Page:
Man, we are on a roll with the Frontier Partisan spooky season. Yes, I purchased Slewfoot. Yes, it’s a hoot. The Headless Horseman still rides, and I’m sure that the ancient and evil guardian of the Transylvanian frontier can’t be far behind.
Reader Aaron scouted up the long-delayed release of Antlers, which means that the Wendigo cometh. To Oregon, no less.
This ain’t just a monster movie. Produced by Guillermo del Toro and directed by Scott Cooper (Crazy Heart), it stars Keri Russell, who’s work in The Americans was outstanding, and Jesse Plemons. This looks to be a serious take on the Wendigo legend — which damn well ought to be taken seriously. For those of you who are not familiar with the Wendigo, it is a winter demon of Algonquin legend, and it seems that many cultures of that extensive American Indian language group across Canada and the U.S. knew him. The Algonquins believed that the demon could turn them into Wendigos — a belief so strong that it is considered a “culture-specific” psychological phenomenon — Wendigo Psychosis. One of my favorite novels, Three Day Road, by Joseph Boyden, incorporates Wendigo Psychosis into his tale of two Canadian First Nations Snipers in the Great War. Like I say, serious business.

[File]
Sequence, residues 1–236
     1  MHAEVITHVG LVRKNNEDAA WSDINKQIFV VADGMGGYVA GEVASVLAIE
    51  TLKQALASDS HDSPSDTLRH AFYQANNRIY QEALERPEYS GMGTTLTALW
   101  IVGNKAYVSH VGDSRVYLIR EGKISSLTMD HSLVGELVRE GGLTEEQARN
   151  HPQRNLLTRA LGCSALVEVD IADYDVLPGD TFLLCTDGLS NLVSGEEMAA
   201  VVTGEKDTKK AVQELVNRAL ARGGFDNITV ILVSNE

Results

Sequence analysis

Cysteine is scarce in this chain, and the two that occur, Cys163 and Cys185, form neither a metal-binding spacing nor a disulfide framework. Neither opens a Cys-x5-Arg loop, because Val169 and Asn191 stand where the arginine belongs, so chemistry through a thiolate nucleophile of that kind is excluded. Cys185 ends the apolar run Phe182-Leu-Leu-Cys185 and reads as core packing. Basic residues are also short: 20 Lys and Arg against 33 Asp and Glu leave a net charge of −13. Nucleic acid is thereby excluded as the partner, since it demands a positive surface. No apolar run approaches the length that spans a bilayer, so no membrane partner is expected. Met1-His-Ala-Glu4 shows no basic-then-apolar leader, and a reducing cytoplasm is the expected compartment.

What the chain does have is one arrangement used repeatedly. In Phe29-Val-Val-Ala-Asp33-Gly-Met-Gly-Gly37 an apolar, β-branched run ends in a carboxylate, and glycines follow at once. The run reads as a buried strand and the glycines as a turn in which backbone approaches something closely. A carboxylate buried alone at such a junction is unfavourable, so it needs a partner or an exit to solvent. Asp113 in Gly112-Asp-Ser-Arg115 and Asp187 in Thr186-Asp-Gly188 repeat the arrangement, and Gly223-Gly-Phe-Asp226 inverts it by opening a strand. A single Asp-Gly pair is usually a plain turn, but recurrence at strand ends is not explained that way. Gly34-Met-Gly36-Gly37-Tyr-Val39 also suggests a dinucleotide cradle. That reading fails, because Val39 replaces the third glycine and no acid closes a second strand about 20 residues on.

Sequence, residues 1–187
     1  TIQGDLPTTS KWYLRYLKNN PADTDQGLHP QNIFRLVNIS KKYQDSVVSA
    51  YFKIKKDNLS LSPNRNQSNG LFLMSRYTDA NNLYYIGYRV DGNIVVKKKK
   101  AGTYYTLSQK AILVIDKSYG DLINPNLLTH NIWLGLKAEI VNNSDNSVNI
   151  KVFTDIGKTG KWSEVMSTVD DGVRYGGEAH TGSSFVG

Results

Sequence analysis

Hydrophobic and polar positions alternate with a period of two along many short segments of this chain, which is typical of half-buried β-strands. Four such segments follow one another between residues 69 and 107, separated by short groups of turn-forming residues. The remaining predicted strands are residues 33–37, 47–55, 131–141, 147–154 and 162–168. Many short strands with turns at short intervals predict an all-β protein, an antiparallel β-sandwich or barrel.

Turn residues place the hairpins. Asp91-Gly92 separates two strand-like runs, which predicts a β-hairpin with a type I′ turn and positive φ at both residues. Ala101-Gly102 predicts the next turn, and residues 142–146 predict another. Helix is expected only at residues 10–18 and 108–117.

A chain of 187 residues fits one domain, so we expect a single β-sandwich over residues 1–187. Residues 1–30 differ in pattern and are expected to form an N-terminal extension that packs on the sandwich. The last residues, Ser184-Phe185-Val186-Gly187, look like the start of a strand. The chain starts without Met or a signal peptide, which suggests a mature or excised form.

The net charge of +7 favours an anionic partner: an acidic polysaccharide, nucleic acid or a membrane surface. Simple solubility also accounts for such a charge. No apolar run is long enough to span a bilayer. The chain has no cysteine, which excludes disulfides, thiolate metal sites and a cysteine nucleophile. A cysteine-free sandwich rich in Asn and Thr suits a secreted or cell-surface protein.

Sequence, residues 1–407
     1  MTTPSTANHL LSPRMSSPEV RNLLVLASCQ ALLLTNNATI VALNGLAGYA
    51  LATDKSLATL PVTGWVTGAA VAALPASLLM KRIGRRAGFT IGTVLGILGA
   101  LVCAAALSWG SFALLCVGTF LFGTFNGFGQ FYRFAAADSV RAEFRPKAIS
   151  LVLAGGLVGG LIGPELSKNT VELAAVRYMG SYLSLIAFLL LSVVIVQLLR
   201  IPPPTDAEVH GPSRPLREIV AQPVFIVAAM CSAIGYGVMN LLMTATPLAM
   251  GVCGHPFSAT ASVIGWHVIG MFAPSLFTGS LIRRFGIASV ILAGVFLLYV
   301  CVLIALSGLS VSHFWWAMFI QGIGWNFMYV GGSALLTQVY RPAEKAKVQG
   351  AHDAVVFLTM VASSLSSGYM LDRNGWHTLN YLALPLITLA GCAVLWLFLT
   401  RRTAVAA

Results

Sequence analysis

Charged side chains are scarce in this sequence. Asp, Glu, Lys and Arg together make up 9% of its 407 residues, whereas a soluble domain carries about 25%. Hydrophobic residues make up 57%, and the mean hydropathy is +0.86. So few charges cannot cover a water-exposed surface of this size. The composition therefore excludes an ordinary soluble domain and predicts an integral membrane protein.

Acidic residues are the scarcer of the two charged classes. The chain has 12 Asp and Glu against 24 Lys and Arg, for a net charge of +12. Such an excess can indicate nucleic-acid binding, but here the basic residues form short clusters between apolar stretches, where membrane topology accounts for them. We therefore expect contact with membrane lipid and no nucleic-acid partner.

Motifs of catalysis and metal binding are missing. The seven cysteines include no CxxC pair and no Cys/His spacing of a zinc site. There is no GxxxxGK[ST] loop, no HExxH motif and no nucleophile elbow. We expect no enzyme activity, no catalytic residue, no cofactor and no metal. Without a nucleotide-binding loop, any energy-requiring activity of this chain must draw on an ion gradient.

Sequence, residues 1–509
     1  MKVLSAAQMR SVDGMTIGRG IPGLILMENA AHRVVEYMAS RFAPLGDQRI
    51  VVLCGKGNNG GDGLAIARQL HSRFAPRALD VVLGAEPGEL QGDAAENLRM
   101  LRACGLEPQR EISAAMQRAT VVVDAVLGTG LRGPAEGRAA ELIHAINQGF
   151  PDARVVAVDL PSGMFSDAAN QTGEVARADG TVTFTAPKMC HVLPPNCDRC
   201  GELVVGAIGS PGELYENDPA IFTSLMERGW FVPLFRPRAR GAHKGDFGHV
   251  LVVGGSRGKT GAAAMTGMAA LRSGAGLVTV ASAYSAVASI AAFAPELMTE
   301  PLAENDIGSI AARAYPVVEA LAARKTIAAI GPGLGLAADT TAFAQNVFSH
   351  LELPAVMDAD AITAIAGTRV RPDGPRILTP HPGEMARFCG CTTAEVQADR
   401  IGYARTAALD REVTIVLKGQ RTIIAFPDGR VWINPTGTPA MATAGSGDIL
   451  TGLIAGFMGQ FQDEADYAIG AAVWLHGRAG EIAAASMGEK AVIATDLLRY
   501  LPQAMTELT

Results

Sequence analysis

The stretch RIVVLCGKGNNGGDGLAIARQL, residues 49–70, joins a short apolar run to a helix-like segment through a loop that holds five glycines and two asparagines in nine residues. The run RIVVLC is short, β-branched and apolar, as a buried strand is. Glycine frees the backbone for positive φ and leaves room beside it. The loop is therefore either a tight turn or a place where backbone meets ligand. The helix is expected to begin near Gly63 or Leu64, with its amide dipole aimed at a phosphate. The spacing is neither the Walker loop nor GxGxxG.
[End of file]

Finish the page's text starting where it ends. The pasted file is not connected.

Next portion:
From The Wrap:
Russell plays Julia Meadows, a teacher who returns to her Oregon hometown after the death of her father to take a job at the local elementary school and to reconnect with her brother Paul (Plemons), who reluctantly became sheriff while she was away. Julia and Paul share a traumatic family history that’s difficult to navigate, especially since she left him behind and fled for California as soon as she was able. But despite Paul’s tentative encouragements, she struggles to connect with her students until she focuses on Lucas (Thomas), a withdrawn little boy whose outward demeanor shows signs of the same kind of abuse that Julia suffered while she was a child.
At the same time Julia begins to establish a gentle rapport with Lucas, Paul starts discovering brutally dismembered bodies in the forests outside of town, and even the local coroner is at a loss to determine the cause of death. But when Julia calls upon the school administration to investigate Lucas’ home life, and enlists Paul as local law enforcement to try and prevent future harm, she and her brother make an unexpected discovery about a local legend that proves as hard to believe as the evidence leading them to it is hard to deny.